Thu. Apr 18th, 2024

Privileges and Immunities Clause

The Privileges and Immunities Clause of Article IV, Section 2 of the Constitution states that “the citizens of each state shall be entitled to all privileges and immunities of citizens in the several states.” This clause protects fundamental rights of individual citizens and restrains state efforts to discriminate against out-of-state citizens. However, the Privileges and Immunities Clause extends not to all commercial activity, but only to fundamental rights.

There has been a great deal of scholarly debate over the purpose of this constitutional provision. One source of insight as to the purpose of the privileges and immunities clause is its textual predecessor, Article IV of the the Articles of Confederation, which stated that “to secure and perpetuate mutual friendship and intercourse among the people of the different States in this Union, the free inhabitants of each of these States . . . shall be entitled to all privileges and immunities of free citizens in the several States; and the people of each State shall free ingress and regress to and from any other State, and shall enjoy therein all the privileges of trade and commerce, subject to the same duties, impositions, and restrictions as the inhabitants thereof.” 

The Federalist Papers also provides some insight into the clause. Madison‘s Federalist No. 42. Madison stated: “Those who come under the denomination of free inhabitants of a State, although not citizens of such State, are entitled, in every other State, to all the privileges of free citizens of the latter; that is, to greater privileges than they may be entitled to in their own State . . . .” In Federalist No. 80, Hamilton expressed his belief in the clause’s importance when he wrote that the Privileges and Immunities Clause (the version in the Constitution) is “the basis of the union.”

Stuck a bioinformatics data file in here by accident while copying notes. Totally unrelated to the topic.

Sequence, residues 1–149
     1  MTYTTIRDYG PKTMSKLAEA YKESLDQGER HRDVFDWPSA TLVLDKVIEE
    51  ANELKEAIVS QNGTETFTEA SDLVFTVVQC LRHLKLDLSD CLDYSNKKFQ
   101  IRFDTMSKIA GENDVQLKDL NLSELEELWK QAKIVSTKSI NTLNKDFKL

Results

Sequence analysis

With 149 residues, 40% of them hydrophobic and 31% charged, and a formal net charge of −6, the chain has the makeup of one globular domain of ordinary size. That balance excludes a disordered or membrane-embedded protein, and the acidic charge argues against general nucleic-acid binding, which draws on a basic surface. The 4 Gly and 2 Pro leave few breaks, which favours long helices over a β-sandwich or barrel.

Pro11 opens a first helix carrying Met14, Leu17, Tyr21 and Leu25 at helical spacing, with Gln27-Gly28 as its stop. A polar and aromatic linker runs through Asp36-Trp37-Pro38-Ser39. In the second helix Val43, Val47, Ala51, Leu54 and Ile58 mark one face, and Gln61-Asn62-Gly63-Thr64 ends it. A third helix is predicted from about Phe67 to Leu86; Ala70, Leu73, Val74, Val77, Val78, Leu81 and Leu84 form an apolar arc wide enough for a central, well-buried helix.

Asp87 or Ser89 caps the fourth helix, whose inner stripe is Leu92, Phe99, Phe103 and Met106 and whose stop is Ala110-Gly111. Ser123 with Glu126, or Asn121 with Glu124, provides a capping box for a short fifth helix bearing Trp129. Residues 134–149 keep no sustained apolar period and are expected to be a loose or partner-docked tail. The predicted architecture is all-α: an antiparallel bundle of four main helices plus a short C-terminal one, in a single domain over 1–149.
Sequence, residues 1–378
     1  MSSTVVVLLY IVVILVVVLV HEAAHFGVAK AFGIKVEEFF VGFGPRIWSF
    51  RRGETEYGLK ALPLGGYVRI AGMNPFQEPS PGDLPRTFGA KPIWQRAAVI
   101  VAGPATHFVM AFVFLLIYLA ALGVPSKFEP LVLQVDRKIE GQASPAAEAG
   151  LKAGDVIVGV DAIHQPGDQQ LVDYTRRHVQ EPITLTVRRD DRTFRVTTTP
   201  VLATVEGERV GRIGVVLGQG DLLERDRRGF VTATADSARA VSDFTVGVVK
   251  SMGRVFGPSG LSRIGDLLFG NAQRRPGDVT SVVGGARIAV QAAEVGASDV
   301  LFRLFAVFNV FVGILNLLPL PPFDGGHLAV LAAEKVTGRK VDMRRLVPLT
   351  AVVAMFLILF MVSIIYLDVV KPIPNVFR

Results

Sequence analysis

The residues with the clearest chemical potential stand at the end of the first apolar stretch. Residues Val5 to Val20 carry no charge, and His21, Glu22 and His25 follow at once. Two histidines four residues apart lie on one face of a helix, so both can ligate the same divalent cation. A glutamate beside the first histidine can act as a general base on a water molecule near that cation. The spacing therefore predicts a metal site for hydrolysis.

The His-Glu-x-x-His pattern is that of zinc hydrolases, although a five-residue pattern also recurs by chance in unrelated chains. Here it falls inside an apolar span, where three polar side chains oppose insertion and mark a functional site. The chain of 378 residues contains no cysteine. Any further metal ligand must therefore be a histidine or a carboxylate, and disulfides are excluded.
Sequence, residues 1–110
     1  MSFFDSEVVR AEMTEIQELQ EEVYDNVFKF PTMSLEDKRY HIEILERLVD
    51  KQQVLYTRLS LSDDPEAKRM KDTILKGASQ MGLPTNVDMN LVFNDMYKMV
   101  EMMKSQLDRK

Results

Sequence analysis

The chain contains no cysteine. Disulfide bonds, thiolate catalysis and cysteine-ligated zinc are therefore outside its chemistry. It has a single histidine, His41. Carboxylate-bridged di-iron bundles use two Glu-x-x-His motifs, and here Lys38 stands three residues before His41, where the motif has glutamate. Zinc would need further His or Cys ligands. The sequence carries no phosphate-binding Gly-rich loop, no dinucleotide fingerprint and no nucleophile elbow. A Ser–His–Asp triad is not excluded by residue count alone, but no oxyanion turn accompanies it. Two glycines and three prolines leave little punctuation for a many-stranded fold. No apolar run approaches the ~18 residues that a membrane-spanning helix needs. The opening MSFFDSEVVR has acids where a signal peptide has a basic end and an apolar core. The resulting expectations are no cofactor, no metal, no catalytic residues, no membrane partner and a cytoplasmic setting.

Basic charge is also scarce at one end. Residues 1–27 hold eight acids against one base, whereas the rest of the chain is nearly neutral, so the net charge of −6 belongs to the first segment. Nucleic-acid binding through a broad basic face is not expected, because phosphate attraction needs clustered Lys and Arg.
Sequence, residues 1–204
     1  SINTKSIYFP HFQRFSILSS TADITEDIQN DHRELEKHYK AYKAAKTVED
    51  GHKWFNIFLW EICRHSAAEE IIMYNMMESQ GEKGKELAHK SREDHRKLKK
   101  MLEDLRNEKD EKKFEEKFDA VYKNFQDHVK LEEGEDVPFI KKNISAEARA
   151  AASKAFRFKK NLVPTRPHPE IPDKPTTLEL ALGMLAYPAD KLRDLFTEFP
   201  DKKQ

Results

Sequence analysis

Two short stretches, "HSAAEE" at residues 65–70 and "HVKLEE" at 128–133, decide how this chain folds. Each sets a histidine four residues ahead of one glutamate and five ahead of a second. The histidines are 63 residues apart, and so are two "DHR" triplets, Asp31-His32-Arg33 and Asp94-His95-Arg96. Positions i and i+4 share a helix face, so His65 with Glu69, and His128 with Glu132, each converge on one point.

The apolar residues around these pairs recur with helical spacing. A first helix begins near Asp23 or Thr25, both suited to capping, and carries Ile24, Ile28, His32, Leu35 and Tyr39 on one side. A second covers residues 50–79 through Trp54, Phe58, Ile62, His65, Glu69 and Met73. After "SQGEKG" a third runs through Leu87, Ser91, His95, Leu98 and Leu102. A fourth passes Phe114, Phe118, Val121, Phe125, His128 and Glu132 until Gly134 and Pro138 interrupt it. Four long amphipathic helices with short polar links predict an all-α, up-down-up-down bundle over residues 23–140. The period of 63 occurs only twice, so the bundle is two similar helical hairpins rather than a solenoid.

Because of the ambiguity of the clause, much debate surrounds the particular rights which the Privileges and Immunities Clause protects. Some scholars believe that it protects the traditional common law rights conferred by particular states to their citizens. The majority opinion in Corfield v. Coryellhowever, gives a different approach, stating that the clause protected only certain “fundamental” rights: “Protection by the government; the enjoyment of life and liberty, with the right to acquire and possess property of every kind, and to pursue and obtain happiness and safety; subject nevertheless to such restraints as the government may justly prescribe for the general good of the whole.

The  majority opinion enumerates a few specific rights (such as the right to live in and travel through states, the right to sue in courts, etc), but also notes that this is not a comprehensive list.

Corfield became increasingly prominent in later years, particularly in the context of issues like slavery and universal suffrage.